In New Zealand, animals are used for research, testing, and teaching (RTT) for a variety of reasons. Animals may be used in experiments to find new health treatments for humans or other animals, to better understand wildlife behaviour such as migration routes, to test the safety of a new drug, or to facilitate learning outcomes for students.
SPCA is a founding signatory of the Australia New Zealand Council for the Care of Animals used in Research and Teaching (ANZCCART) Openness Agreement on Animal Research and Teaching in New Zealand. The Openness Agreement promotes greater transparency in animal-based research and teaching, encourages communication between the public and research and teaching institutions that use animals, and drives continuous improvements in animal care to ensure the highest standards of welfare for animals used in research and teaching.
There are five commitments that characterise the ANZCCART Openness Agreement:
- Commitment 1: We will be clear about why and how we use animals in research and teaching.
- Commitment 2: We will enhance our communications with the media and the public about our use of animals in research and teaching.
- Commitment 3: We will enhance our communications with tangata whenua about our use of animals in research and teaching.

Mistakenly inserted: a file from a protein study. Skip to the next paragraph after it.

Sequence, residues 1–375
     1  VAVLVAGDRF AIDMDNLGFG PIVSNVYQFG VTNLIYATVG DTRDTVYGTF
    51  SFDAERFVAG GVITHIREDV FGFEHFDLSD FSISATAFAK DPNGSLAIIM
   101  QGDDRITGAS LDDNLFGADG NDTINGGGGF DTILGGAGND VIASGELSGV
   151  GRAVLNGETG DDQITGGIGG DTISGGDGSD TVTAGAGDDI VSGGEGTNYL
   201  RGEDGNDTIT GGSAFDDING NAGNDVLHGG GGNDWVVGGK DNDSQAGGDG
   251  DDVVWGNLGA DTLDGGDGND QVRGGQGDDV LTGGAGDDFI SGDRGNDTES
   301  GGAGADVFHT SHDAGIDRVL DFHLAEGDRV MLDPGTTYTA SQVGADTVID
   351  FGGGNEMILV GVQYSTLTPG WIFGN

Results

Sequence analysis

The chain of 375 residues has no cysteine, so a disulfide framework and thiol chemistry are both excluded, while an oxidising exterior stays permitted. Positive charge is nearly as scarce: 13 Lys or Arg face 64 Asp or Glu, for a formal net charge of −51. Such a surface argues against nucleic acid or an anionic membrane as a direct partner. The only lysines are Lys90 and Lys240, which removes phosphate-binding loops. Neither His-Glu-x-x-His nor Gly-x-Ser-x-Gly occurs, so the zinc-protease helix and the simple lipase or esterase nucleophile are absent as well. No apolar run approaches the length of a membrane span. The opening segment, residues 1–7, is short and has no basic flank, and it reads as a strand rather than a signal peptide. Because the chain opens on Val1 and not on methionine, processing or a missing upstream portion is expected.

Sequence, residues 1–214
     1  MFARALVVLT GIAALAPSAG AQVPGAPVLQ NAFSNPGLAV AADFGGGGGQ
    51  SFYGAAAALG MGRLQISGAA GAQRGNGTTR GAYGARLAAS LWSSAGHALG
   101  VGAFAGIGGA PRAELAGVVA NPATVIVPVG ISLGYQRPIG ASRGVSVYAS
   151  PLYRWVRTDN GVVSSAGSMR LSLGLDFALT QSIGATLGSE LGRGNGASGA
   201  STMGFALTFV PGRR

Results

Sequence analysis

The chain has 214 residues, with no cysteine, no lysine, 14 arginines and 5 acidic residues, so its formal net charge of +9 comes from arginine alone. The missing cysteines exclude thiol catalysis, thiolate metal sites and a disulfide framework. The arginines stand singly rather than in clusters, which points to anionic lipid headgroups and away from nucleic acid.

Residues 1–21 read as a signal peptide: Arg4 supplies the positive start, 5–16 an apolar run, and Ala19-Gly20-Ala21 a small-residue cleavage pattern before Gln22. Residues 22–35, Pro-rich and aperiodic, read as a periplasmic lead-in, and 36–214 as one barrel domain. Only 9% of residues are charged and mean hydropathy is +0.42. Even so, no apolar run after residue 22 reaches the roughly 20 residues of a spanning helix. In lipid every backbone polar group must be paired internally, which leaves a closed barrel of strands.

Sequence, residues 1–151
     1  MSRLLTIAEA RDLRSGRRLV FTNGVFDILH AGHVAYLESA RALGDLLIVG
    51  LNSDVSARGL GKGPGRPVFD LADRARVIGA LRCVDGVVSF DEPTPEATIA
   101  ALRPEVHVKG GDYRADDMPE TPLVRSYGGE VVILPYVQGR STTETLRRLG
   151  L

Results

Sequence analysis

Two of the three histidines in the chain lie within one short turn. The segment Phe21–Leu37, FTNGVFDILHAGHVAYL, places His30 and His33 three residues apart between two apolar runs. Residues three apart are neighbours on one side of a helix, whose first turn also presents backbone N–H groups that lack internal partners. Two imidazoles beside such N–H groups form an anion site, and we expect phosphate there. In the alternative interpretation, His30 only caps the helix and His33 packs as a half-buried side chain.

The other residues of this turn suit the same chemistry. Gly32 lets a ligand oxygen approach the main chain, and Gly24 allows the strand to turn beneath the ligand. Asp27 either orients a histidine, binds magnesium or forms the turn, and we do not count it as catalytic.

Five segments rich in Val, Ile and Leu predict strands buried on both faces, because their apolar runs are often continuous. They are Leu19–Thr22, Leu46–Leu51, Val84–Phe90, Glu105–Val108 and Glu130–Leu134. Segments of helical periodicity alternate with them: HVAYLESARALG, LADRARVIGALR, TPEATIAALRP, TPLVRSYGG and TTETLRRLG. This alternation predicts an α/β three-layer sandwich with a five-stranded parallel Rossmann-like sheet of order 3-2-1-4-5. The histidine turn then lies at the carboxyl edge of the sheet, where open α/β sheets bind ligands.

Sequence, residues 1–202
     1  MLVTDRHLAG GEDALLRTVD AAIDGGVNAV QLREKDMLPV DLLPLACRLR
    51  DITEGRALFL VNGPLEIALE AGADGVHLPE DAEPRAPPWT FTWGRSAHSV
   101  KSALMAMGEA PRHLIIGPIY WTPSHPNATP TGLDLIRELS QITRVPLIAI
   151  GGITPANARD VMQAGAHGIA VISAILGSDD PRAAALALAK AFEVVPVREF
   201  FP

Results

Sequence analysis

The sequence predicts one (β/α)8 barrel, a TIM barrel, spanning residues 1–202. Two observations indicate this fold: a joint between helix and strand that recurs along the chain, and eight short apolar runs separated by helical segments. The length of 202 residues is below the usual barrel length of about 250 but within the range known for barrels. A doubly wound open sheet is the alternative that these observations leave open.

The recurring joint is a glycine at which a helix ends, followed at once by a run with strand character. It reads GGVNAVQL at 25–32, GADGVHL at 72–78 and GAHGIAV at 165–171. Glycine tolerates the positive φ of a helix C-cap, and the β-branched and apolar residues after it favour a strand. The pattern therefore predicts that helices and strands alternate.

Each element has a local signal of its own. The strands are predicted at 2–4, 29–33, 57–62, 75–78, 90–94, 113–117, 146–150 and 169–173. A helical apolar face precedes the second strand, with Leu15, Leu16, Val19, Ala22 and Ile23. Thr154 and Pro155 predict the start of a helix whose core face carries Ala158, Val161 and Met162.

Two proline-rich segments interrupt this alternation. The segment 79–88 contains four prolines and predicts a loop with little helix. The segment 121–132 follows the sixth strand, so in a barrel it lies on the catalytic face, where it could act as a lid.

- Commitment 4: We will be proactive in providing opportunities for the public to find out about research and teaching using animals.
- Commitment 5: We will report on progress annually and share our experiences.
SPCA advocates for increased transparency for how animals are obtained, held, or used in research, testing, and teaching facilities.
We support institutions, organisations, and companies that use animals in RTT to provide publicly available information about their use of animals through different platforms such as a website, social or traditional media announcements, and opportunities for members of the public to ask questions or provide comments.
SPCA permits the use of SPCA animals in research and teaching if the activity is part of routine animal care or procedure, or if the activity provides a net benefit to that animal and future SPCA animals.
Our organisation has approval under an animal ethics committee to use SPCA animals for staff training and animal care qualifications.